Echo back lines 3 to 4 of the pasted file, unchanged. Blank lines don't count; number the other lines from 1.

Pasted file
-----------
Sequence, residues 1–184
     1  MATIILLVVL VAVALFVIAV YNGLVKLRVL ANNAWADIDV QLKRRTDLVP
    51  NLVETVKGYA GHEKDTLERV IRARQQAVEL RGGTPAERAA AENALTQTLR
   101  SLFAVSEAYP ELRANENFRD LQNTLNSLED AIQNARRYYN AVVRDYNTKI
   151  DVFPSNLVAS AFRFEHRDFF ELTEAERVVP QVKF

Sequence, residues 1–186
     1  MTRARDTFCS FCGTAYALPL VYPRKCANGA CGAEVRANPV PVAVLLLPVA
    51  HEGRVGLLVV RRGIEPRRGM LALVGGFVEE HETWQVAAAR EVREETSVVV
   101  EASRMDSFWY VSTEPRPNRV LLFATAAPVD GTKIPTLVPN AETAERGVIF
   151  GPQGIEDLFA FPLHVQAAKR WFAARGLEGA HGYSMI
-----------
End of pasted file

    51  NLVETVKGYA GHEKDTLERV IRARQQAVEL RGGTPAERAA AENALTQTLR
   101  SLFAVSEAYP ELRANENFRD LQNTLNSLED AIQNARRYYN AVVRDYNTKI